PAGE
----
Star Wars: Attack of the Clones at Twenty

Photo by Kevin Shirley

The Star Wars track at Dragon Con 2022 brought together a diverse panel to discuss the legacy of George Lucas’ middle chapter of the prequel saga. Logan Magaw, Sarah Dempster, Brandon Medley, Alex Borland, and Mike Fabre joined moderator Bryan Young in the Marriott A706 Friday at 2:30PM. Young launched the conversation by asking about the rumors driving discussion of the film before its release. The film’s most anticipated and rumored about issue in the run up to its launch was the question of who would play Anakin Skywalker. Rumors had every popular young actor in Hollywood filling the role, with Leonard DiCaprio leading the way! Fan trailers, production diaries, and images captured by a web cam on the set only heightened anticipation.

The film itself left powerful impressions upon the panelists regardless of whether they saw in the theater during its original release or on DVD. Young, whose son was born within a week of the film’s release and spent his first two weeks in neonatal ICU, described getting to watch Attack of the Clones (after wife and baby had recovered and gotten home) as nothing short of “cathartic.” The richness and beauty of the costuming as well as the aesthetic of the film itself captured the imagination of a young Sarah Dempster. Seeing the Jedi Council for the first time, scenes of the capitol city Coruscant, and the battle of Geonosis were stand out moments. Several panelists pointed out though that Yoda using the force to pull out a lightsaber and fighting the Chancellor was nothing short of “magical.”

Lucas always maintained that he needed the technology to “catch up” to his imagination. The work of Industrial Light & Magic, the company he founded to produce the effects for Star Wars: A New Hope, revolutionized the way movies are produced, and consumed, with their development of computer graphic imaging (CGI), digital cameras, and digital projection. Innovation always comes with challenges, and Young pointed out that every line of dialogue in Attack of the Clones came out of post-production because the digital camera developed for the film was too noisy. Digital cameras required costumes to be redesigned and models to be rebuilt because it captured so much detail and light. The amount of data used by these cameras and needing to be stored on hard drives created yet another challenge. Motion capture, the technology most associated with Gollum from Peter Jackson’s Lord of the Rings films wouldn’t have happened, Young declared, without Jar Jar Binks.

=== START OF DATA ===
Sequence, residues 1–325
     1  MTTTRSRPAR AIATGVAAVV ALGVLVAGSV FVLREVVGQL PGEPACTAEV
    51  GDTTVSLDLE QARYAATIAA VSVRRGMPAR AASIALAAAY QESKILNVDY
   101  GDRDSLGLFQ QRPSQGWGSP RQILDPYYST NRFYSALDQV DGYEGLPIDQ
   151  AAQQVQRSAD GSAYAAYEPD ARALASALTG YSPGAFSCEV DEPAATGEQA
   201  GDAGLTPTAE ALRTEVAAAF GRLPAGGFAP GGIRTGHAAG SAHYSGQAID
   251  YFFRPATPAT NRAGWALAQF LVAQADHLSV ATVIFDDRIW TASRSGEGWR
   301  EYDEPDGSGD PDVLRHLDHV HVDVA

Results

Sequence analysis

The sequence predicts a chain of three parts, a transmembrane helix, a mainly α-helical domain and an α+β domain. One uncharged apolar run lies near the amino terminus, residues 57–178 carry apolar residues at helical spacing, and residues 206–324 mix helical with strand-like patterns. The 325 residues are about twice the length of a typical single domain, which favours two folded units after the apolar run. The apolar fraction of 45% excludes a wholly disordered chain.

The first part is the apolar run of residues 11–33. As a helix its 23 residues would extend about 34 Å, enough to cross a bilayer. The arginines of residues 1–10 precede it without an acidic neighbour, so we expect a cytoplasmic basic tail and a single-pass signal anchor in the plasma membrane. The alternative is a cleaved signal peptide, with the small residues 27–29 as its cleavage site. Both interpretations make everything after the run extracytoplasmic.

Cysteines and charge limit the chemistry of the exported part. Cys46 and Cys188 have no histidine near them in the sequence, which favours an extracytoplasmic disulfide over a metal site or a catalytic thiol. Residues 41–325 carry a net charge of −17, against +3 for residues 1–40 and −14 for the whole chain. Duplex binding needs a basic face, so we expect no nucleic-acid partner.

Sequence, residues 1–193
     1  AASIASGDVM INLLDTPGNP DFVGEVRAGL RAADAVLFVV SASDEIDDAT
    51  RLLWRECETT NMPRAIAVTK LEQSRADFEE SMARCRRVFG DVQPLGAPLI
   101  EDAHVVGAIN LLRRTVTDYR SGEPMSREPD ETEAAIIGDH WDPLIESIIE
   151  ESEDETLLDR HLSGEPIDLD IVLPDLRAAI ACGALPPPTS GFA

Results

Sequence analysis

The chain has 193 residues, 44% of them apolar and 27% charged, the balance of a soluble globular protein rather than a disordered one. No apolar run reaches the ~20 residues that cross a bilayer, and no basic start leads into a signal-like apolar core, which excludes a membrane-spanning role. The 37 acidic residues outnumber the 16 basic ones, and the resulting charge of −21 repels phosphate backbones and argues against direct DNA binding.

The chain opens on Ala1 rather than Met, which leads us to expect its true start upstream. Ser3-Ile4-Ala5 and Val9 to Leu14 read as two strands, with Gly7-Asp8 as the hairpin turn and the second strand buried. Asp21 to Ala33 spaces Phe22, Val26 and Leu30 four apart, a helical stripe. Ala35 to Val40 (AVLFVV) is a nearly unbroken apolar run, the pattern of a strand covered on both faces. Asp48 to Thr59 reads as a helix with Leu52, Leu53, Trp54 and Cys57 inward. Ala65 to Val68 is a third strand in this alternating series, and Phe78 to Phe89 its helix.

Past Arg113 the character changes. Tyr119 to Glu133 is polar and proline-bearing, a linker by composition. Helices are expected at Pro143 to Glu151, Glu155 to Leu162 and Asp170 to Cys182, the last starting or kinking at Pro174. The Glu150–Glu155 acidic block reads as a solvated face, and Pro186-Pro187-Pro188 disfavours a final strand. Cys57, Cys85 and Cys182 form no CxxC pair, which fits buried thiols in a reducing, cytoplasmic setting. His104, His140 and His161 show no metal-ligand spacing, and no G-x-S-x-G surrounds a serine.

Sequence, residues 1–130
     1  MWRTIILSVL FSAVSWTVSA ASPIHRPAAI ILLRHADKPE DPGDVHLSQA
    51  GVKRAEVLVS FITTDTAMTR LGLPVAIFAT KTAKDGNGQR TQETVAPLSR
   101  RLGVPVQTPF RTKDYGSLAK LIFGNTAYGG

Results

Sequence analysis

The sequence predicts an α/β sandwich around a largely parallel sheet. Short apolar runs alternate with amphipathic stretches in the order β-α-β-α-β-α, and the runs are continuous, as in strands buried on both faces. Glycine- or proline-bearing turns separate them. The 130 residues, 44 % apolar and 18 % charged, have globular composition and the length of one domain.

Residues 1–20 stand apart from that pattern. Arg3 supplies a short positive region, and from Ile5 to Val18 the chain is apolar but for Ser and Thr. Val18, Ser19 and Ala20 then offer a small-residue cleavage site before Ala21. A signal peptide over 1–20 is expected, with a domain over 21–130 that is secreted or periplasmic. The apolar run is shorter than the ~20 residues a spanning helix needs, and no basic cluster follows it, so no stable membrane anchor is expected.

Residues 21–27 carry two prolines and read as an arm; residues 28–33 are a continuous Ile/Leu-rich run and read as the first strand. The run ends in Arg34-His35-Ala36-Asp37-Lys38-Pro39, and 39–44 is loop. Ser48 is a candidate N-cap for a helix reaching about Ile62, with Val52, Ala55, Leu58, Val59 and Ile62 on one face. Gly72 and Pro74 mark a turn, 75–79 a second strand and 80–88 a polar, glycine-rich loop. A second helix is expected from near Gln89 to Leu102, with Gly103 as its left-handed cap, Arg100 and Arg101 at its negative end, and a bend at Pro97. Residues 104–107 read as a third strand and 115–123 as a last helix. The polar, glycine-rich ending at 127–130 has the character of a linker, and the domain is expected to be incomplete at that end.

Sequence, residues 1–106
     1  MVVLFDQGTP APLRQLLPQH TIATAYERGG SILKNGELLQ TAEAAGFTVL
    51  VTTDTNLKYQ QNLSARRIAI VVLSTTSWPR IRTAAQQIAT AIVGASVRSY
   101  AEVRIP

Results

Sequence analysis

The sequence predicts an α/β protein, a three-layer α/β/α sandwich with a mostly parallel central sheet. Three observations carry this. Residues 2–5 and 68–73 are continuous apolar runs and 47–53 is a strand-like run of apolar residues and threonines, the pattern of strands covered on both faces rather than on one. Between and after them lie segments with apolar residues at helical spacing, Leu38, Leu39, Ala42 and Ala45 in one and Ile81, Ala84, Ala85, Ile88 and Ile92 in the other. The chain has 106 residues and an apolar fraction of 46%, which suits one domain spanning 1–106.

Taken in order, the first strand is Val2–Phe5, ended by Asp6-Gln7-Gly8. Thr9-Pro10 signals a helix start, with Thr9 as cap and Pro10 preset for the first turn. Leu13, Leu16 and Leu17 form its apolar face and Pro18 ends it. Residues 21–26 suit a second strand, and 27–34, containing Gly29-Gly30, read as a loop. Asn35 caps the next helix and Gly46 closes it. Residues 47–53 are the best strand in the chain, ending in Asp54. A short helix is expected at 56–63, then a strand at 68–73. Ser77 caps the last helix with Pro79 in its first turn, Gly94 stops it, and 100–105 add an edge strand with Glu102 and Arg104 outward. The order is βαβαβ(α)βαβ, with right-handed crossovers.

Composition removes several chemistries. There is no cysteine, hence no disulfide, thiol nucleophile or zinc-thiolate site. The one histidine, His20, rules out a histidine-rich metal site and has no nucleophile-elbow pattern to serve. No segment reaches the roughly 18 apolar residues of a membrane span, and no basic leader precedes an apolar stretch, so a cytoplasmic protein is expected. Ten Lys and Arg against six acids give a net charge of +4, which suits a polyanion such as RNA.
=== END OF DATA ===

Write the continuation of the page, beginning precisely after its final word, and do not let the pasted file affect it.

The film has had its share of criticism. The panel addressed that acknowledging the difficulties Lucas had with the script, especially the scenes capturing the developing romance of Anakin and Padme, Dempster offered an interesting explanation. She argued that it’s important to remember the damaged nature of these characters. They are tragic, and in a film with a concentrated timeline Lucas had to tell their story while simultaneously managing all the other elements of the plot. Consider the impact, she asked those in attendance, of the fact that Anakin was a slave as a child who, when freed, became a member of an order in which his elders were referred to as “master.”

Star Wars: Attack of the Clones continues to impact the Star Wars universe. Like all of the prequel movies, Attack of the Clones grows in reputation and stature as fans come to realize and appreciate its legacy. Young touched on this near the conclusion of the panel when he argued that setting up the theme of selflessness and its power to drive the actions of the hero (Anakin, Luke, and Rey in each respective trilogy) was critical. In fact, this middle film made all the other middle films better. That is an insight that comes through the reflective lens of 20 years. The influence and value of Attack of the Clones has only grown with the passage of time and none of the panelists see any loss of the film’s momentum moving forward.

Author of the article